SIM registration in Nigeria among most invasive in the world
Countries without mandatory SIM-card registration laws include United Kingdom, United States, Bahamas, Bosnia and Herzegovina, Cabo Verde, Canada, Croatia, Denmark, Finland, Hong Kong, Ireland, Israel, Mexico, Portugal, and Sweden.
The laws for subscriber identification module (SIM) registration in Nigeria and fourteen other countries are considered the most invasive in the world, according to a new study by Comparitech, an online platform that provides tech research. The study examines privacy in mobile phone usage in 150 countries and how national governments impose SIM-card registration laws to collect data on their citizens.
The report identifies the requirement of biometrics in the registration process as one of the factors that determine the level of intrusiveness of the laws. Nigeria is among countries that currently have biometric registration laws. According to Comparitech, SIM-card registration in Nigeria requires both fingerprints and a facial image.
Other countries with biometric requirement in the registration process are China, Tanzania, Saudi Arabia, Singapore, Tajikistan, Thailand, Uganda, United Arab Emirates, Afghanistan, Bahrain, Bangladesh, Benin, Oman, Pakistan, Peru, and Venezuela.
Tanzania is at the top of the ranking of countries with the worst SIM-card registration laws, scoring 19 points out of the maximum of 21 points. Next on the ranking is Saudi Arabia (17 points), followed by North Korea and Uganda (15 points each). Lebanon, Pakistan, Singapore, and Sri Lanka have a score of 14 points; while Nigeria, Bahrain, Bangladesh, China, Myanmar, Tajikistan, United Arab Emirates scored 13 points.
Other indicators used in the study to determine the level of intrusiveness of SIM-card registration laws include whether the data collected is stored by telecommunication providers or shared with government agencies; the requirement by law enforcement to gain access to the data; for how long the data is stored; and whether or not there are data privacy protection legislations.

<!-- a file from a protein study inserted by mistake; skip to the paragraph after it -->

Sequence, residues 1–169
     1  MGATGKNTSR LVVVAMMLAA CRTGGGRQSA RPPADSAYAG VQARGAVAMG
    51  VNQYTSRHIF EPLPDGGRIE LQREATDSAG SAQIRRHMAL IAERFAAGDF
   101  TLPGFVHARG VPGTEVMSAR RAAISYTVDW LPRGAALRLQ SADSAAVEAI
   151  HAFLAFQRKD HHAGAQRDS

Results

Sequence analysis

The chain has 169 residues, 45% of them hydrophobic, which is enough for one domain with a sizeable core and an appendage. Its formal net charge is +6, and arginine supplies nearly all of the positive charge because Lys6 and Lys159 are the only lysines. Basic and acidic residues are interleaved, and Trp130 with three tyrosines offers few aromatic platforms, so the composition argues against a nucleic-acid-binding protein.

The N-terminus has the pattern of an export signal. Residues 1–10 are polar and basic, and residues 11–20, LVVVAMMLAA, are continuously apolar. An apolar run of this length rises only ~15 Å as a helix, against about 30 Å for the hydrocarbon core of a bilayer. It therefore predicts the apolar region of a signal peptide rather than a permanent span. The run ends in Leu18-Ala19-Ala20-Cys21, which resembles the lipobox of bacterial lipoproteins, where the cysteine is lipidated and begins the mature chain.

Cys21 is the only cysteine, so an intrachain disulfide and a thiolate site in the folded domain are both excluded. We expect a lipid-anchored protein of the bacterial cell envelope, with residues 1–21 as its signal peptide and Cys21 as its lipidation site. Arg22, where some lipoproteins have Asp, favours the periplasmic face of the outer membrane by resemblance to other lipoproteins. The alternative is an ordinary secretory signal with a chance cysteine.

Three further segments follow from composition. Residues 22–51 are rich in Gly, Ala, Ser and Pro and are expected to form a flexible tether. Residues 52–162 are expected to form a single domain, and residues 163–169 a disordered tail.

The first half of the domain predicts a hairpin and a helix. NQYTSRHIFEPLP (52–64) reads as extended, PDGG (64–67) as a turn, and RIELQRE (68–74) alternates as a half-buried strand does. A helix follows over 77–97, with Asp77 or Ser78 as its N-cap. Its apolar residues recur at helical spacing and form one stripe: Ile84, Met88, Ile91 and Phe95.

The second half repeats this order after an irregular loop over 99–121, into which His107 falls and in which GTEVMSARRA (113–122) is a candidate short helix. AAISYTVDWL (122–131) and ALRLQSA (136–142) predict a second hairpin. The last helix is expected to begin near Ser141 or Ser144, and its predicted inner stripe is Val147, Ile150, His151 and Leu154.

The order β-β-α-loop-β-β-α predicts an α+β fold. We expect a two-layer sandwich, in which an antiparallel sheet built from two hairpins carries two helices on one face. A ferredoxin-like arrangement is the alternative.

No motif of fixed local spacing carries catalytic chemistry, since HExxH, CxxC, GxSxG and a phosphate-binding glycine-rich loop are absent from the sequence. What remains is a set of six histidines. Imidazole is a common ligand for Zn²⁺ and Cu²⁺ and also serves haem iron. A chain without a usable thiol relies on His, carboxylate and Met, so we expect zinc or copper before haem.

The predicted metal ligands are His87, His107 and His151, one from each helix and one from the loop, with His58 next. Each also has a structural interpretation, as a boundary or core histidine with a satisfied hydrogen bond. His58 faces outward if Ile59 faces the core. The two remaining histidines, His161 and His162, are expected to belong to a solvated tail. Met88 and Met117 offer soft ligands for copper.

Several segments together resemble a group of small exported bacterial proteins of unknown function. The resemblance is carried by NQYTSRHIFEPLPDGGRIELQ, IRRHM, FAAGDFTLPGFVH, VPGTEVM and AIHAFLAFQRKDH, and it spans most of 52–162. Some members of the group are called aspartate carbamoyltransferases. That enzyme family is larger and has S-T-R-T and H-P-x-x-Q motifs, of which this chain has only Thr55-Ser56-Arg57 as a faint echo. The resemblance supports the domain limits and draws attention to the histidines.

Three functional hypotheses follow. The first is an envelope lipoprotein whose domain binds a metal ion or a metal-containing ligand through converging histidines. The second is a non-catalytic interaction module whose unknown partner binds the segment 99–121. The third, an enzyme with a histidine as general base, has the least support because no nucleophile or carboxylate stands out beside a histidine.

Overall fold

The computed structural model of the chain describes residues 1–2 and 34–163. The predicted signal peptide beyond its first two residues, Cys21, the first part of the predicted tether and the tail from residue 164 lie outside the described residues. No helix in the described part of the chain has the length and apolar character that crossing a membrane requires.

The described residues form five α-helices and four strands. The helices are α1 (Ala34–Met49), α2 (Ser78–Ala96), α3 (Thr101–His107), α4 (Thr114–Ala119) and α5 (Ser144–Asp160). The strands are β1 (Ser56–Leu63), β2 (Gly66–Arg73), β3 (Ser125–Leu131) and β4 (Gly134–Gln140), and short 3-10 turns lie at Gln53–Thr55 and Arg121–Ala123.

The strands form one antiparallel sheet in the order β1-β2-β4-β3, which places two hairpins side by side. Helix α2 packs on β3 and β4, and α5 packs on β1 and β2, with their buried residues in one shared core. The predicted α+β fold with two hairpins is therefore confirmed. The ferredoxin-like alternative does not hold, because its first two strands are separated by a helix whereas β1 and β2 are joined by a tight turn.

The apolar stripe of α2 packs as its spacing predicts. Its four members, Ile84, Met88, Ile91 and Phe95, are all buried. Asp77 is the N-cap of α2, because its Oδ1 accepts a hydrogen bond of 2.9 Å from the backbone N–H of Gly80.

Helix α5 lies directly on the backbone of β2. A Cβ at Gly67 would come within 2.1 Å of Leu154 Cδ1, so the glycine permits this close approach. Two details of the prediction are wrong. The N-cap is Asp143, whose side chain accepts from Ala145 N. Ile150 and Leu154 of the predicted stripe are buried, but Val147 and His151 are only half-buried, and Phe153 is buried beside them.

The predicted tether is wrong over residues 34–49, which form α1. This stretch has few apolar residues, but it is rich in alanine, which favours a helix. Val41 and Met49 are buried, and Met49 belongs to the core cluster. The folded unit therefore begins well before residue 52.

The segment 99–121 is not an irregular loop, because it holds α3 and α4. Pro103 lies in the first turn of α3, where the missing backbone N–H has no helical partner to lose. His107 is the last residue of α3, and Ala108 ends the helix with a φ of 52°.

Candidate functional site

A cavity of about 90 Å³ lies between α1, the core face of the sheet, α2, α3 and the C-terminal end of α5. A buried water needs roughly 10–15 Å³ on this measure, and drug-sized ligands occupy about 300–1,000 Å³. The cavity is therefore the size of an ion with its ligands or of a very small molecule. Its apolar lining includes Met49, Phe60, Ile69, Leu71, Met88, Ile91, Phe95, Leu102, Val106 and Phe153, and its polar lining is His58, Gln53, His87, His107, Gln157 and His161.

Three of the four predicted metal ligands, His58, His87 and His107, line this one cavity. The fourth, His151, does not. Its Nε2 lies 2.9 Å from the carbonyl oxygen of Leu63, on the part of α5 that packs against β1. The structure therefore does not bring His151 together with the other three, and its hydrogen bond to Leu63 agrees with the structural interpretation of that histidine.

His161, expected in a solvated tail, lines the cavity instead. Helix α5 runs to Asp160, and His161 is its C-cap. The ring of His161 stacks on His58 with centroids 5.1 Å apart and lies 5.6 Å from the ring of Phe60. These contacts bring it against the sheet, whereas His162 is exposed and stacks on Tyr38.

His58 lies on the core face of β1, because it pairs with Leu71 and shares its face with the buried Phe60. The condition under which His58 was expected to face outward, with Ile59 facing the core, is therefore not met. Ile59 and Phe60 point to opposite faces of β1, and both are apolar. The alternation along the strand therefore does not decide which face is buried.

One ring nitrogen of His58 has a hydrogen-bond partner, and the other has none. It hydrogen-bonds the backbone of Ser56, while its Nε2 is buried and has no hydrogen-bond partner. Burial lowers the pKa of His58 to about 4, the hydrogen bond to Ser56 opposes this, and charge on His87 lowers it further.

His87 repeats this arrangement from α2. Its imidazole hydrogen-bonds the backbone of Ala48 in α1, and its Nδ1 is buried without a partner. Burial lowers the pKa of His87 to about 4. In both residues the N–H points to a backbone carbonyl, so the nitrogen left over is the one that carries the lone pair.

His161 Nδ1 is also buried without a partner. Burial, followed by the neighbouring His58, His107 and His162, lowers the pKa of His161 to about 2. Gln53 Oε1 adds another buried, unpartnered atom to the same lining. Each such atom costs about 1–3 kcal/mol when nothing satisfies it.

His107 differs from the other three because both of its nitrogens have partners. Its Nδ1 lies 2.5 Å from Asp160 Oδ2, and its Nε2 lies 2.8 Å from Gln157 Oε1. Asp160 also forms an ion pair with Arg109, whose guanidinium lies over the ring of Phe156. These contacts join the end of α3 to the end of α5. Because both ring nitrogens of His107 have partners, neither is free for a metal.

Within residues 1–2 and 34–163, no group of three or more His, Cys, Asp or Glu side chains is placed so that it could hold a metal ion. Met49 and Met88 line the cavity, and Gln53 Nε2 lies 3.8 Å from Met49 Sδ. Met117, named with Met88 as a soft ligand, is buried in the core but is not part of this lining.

Apart from biometrics, photo ID is a requirement to sign up for phone service in some countries. Other requirements are a permanent address, date of birth, nationality and gender.
"In China, anyone registering a new phone number now needs to submit a facial scan. This is also happening in Singapore," said Paul Bischoff, a tech writer at Comparitech.
According to the report, while most countries require mandatory SIM-card registration, this requirement does not exist in about 45 countries and jurisdictions. Countries without mandatory SIM-card registration laws include United Kingdom, United States, Bahamas, Bosnia and Herzegovina, Cabo Verde, Canada, Croatia, Denmark, Finland, Hong Kong, Ireland, Israel, Mexico, Portugal, and Sweden.
Discussing how SIM-card registration threatens people's privacy, Bischoff said, "Creating a database of citizens and their mobile numbers restricts private communications, increases the potential of them being tracked and monitored, enables governments to build in-depth profiles of their citizens, and risks private data falling into the wrong hands."
Comparitech said mandatory SIM-card registrations also poses the risk of identity theft and abuse of data. Criminals can use someone else’s photo and personal information to sign up for a new SIM, potentially causing a lot of trouble for the impersonated individual.
The tech researchers also said without laws to protect registration data, people’s personal details can be shared with other third parties, such as advertisers and tax collection agencies.
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